With Burns night approaching, it seemed appropriate to learn a Scottish tune; this tune dates back to at least the early 1700s, remaining popular for quite some time as it was used in several ballad operas in the 18th century as well as being used as a retreat march by the British military, specifically by the 37th Regiment. It was printed in many books across Scotland as well as making its way into a few English books too.
The PDF can be found here. We used two basic accompanying rhythms for the drums and guitars:
Monday 6th January was our first week back and we covered a range of tunes, starting with the Plane Tree jig and its possibly original 4/4 counterpart Schottishe a Bethanie (video link to the fabulous Mel Biggs of Morai and ‘Pick Up and Play’ fame). We used this tune as inspiration and the second half of the night was taken up with Kit White’s no.2, which we recapped and then collectively turned from a polka into a jig.
I’ve roughly notated the various stage we went through to reach the end product; at stage one we played even quavers in 6/8 to fill out the bars, at stage two we simplified the rhythm and at stage three we replaced key patterns with ‘hill’, ‘ditch’, ‘zig zag’ or scale shapes. Each replacement was selected from two or three options presented by me and voted on by the group – the title refers to the idea that a camel is a horse designed by committee!
Dots in PDF form can be found here.
Here is the tune from Monday 4th November, Lancashire. This tune is from the 1838 William Irwin manuscript, a collection from Cumbria. I learend it from fiddler and clog dancer extraodinaire Toby Bennett. Here is the video:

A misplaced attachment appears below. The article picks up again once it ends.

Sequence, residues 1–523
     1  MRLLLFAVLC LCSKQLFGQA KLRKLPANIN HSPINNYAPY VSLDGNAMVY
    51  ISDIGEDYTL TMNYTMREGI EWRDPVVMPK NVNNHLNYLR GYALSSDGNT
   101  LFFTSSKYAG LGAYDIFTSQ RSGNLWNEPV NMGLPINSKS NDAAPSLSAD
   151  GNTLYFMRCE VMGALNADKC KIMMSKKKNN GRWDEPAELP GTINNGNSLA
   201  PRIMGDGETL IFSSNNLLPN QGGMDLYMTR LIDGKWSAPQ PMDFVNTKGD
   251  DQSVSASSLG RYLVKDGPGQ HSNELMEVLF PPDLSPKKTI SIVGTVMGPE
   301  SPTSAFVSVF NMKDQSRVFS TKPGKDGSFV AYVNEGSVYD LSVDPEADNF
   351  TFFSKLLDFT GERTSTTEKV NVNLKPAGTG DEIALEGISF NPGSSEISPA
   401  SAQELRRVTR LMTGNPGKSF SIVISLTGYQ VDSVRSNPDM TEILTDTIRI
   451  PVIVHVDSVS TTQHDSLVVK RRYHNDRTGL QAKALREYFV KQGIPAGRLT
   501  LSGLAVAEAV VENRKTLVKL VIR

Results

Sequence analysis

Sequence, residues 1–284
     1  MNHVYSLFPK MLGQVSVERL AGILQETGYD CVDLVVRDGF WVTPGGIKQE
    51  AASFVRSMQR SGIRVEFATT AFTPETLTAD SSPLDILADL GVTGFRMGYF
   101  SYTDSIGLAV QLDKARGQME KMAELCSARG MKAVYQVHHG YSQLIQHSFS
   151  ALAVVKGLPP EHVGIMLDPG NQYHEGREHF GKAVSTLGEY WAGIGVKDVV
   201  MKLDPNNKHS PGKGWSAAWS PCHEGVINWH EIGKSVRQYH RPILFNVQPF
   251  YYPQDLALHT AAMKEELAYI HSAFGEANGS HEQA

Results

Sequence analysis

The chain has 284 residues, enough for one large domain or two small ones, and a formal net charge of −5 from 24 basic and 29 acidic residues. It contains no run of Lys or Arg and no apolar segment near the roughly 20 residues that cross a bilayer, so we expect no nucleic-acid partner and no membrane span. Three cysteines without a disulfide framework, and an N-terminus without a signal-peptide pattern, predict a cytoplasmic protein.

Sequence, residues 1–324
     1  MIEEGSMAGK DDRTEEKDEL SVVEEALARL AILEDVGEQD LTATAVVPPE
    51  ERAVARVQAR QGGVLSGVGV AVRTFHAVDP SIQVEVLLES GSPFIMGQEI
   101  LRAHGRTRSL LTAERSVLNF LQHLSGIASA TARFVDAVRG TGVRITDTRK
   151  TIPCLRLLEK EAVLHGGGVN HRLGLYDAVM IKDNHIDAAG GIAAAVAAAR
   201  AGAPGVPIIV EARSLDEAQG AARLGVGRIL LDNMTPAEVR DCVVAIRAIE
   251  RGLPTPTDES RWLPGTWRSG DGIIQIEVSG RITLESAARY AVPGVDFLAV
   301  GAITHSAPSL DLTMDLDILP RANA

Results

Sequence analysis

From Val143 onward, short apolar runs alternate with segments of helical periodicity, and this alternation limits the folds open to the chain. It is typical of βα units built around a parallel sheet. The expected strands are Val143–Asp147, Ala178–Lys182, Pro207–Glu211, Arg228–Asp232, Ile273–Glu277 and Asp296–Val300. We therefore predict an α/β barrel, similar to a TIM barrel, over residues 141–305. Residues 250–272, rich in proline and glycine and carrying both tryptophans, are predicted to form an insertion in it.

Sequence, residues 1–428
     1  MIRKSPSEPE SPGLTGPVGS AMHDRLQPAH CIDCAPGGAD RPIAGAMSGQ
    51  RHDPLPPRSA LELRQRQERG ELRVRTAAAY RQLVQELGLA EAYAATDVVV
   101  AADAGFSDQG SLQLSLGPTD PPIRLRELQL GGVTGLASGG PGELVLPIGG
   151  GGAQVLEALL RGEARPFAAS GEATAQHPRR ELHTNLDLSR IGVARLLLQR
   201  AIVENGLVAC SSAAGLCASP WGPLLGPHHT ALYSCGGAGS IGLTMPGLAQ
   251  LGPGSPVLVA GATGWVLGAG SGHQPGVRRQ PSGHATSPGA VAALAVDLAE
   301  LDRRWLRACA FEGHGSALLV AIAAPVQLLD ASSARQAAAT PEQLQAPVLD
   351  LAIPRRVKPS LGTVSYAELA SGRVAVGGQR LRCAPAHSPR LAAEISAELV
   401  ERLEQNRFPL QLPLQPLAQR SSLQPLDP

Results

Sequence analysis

And here are the dots, with a PDF version here.
Here is the post for Monday 21st October tune, The Grand Hornpipe, also known as Henry Stables’ Grand Hornpipe, The Devonshire Lads and known in Wales as Mympwy Portheinon. It seems to have been revived from a Cumbrian collection of tunes from the late nineteenth century, and is popular in England and Wales. Here’s the video:
And here are the dotes (PDF available here), with some of the rhythmic variations we tried out on the night. The quavers are swung, and the bowings/slurs are a slighly simplified version of what I tend to do in hornpipes to avoid running out of bow!
Lemmie Brazil (short for Lementina which seems to be spelled variously as Lemmy or Lemmie, and Brazil is pronounced Brazzle) was a melodeon player and singer from a large Gypsy family who travelled throughout England and Ireland. You can read more about her here and she can be heard playing melodeon here:
Here is the video from Monday 14th October:
And here are the dots, also available as a PDF here:
Here is the tune from 7th October’s class: The Doctor. It’s a tune from Aird’s Airs and Melodies Book of tunes from England, Scotland and Ireland but I’ve also found it in the 1823 Jackson manuscript from Wyresdale, Lancashire.
Here are the dots, with a PDF available here.
Here is the tune from Monday 30th’s session, with apologies for the late posting. This is a tune by Peter Barnes, it can be found in the book “The Portland Collection: Contra Dance Music in the Pacific Northwest”. Peter says of this tune: “I actually wrote this tune on the fiddle when I was trying to teach myself that instrument in the mid ‘70’s. I made it easy to play on the violin, which may account for its totally unexpected popularity. Since then it’s been recorded eleven times (usually without my permission!) and has had two dances choreographed to go with it.”
Here is the PDF file.